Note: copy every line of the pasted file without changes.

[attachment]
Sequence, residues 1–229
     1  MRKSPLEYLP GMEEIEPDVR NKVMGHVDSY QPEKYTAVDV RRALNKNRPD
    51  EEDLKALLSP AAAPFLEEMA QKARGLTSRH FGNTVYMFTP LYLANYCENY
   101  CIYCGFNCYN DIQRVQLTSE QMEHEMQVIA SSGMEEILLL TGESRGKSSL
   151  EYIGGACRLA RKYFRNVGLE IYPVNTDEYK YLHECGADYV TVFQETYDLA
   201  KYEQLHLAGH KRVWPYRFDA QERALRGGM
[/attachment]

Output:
Sequence, residues 1–229
     1  MRKSPLEYLP GMEEIEPDVR NKVMGHVDSY QPEKYTAVDV RRALNKNRPD
    51  EEDLKALLSP AAAPFLEEMA QKARGLTSRH FGNTVYMFTP LYLANYCENY
   101  CIYCGFNCYN DIQRVQLTSE QMEHEMQVIA SSGMEEILLL TGESRGKSSL
   151  EYIGGACRLA RKYFRNVGLE IYPVNTDEYK YLHECGADYV TVFQETYDLA
   201  KYEQLHLAGH KRVWPYRFDA QERALRGGM